Computer systems can provide an arithmetic that gives the results that
people expect, instead of the results that binary floating point
calculations give (see the sidebar on the right for an example).
This is not available in Java today, so a decimal floating point
arithmetic is needed – one which gives the same results as the
arithmetic that people learn at school (see the
Decimal
Arithmetic FAQ for more details).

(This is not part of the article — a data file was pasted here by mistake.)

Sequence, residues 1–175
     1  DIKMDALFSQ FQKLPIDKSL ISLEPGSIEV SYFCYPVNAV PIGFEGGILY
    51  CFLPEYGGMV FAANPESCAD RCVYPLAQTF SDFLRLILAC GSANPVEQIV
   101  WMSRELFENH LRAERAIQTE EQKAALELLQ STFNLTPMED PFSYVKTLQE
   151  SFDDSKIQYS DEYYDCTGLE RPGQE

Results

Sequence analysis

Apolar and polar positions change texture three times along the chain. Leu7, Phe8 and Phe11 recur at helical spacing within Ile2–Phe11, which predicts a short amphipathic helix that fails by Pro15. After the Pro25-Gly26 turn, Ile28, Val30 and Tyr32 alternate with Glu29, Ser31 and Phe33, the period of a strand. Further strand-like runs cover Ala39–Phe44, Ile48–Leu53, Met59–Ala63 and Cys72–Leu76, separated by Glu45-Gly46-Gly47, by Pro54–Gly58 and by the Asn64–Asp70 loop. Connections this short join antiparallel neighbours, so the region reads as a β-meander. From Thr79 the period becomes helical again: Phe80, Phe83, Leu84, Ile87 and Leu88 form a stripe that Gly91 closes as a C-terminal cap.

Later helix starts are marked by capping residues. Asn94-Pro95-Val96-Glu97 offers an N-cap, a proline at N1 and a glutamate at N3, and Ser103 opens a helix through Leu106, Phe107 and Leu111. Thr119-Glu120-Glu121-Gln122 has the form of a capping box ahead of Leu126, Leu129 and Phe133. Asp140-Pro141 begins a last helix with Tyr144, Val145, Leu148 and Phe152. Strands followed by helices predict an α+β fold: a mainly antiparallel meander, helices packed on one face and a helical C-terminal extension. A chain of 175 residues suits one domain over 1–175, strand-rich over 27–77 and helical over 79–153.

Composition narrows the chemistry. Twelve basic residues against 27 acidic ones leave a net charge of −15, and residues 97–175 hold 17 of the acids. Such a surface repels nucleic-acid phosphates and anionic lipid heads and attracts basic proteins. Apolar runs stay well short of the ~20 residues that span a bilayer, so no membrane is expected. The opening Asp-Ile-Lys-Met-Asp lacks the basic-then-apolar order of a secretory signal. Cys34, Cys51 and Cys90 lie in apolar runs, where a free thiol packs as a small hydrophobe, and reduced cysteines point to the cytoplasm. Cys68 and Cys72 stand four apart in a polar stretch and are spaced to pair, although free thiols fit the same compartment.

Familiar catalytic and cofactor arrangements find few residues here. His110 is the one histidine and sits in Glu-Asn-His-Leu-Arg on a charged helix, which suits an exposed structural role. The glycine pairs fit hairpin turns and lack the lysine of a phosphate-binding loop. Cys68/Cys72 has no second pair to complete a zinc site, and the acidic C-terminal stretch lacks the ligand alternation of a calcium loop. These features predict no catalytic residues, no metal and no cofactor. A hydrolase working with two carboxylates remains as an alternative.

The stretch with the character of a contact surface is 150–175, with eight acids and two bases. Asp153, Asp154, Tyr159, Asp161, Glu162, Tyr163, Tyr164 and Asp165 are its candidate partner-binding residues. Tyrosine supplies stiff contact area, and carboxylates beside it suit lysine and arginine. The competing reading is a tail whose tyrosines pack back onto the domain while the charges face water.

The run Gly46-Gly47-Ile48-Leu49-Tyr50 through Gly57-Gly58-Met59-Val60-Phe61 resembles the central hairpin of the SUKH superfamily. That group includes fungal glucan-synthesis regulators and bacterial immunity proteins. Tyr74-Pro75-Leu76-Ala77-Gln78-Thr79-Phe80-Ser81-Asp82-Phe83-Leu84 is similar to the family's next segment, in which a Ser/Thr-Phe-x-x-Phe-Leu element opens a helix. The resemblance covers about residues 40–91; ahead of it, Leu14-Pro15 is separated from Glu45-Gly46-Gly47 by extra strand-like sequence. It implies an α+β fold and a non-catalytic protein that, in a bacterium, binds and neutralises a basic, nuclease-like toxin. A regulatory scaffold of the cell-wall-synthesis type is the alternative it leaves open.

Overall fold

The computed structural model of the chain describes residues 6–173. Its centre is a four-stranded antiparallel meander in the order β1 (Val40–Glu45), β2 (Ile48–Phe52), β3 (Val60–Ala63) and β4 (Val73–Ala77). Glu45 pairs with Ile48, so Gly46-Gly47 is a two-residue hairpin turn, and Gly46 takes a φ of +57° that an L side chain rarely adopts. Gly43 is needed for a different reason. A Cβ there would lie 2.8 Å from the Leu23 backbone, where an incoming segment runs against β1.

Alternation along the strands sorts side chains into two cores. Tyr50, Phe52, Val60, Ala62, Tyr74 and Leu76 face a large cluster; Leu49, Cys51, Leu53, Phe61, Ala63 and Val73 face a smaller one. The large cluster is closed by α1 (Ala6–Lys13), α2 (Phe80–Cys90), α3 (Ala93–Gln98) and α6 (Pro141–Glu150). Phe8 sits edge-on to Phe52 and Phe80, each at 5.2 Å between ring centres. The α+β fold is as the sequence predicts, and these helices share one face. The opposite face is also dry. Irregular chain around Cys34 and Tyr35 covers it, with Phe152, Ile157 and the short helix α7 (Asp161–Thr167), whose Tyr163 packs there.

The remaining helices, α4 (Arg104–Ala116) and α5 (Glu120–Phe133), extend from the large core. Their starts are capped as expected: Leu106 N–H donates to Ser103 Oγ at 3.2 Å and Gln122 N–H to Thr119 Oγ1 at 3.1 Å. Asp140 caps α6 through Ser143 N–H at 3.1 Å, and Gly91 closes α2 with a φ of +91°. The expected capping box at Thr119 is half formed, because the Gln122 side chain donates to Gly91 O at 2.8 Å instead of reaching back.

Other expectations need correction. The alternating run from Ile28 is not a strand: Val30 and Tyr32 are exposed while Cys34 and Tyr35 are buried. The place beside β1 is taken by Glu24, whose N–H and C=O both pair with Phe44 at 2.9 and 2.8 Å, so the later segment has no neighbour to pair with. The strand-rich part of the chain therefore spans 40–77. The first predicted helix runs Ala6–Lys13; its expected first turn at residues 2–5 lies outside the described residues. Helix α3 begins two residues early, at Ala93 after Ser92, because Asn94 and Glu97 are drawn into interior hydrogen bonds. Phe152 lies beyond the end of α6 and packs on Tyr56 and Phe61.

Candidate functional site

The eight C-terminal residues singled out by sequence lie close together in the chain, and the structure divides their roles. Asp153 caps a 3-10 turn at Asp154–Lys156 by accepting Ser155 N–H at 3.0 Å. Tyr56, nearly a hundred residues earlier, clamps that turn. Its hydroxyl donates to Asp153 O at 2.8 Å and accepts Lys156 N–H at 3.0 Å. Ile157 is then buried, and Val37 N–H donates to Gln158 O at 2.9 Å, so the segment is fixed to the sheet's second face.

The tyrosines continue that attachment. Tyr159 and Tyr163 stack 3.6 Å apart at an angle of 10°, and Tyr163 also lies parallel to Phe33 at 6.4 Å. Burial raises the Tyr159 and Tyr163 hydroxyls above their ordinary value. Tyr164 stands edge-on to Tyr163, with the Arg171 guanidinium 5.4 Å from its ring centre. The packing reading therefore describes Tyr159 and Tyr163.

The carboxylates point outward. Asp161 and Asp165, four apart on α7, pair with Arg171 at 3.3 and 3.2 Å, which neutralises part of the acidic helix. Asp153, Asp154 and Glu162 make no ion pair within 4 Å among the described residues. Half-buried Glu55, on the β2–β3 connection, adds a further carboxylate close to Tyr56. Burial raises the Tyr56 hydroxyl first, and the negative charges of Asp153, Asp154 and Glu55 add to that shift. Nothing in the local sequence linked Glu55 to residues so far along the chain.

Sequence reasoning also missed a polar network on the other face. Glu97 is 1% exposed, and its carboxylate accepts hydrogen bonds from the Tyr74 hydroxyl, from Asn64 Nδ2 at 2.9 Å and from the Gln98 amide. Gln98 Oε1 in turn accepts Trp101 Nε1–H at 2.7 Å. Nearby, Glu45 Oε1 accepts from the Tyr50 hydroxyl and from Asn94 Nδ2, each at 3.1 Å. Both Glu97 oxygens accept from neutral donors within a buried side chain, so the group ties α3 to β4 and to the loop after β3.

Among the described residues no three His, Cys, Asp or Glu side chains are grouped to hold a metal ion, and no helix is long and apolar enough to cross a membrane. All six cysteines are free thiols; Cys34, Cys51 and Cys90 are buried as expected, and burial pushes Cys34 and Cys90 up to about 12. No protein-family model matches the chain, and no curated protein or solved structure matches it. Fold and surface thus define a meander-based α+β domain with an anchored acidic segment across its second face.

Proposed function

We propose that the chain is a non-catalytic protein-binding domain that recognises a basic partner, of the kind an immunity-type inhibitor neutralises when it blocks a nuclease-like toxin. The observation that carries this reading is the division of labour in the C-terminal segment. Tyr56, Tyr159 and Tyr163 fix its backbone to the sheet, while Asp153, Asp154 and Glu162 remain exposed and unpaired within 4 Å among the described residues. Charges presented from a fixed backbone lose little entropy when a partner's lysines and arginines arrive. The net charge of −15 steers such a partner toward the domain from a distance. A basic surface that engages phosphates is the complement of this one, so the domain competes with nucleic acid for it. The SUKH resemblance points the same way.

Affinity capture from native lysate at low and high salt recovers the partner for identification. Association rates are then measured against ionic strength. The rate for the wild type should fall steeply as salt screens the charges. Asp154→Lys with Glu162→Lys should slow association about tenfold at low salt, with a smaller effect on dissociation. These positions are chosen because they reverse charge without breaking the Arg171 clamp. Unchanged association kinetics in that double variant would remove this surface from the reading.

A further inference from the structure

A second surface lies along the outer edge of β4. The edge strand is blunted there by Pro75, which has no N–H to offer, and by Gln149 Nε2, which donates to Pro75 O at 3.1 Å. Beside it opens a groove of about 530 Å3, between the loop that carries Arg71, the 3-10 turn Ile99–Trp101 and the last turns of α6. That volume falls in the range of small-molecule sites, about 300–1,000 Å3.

This site describes an enhanced BigDecimal class (com.ibm.math.BigDecimal) for Java, which is the basis for a proposed enhancement to java.math.BigDecimal. Please see the Java Specification Request (JSR) for details of the proposal. This JSR was completed in 2004; you can find changes from this design in the Decimal Arithmetic Enhancement Public Review Draft; the revised BigDecimal class and the new MathContext class were shipped in Java 5. The com.ibm.math.BigDecimal class and its supporting class, MathContext, are fully implemented and are available below in both Java and NetRexx. They are also included with IBM's Java developer kits as of version 1.1.8. The new class extends the existing class with the floating point arithmetic from ANSI X3.274, which does arithmetic the way people do. This makes it especially easy to add humanoriented arithmetic to your applications. Here, you'll find:


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